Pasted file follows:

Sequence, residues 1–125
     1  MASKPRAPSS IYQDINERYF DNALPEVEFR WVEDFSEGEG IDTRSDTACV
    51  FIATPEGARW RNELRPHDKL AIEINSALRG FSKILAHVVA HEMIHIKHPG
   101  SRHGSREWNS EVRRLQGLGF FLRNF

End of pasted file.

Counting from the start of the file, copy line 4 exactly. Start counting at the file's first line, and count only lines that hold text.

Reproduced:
   101  SRHGSREWNS EVRRLQGLGF FLRNF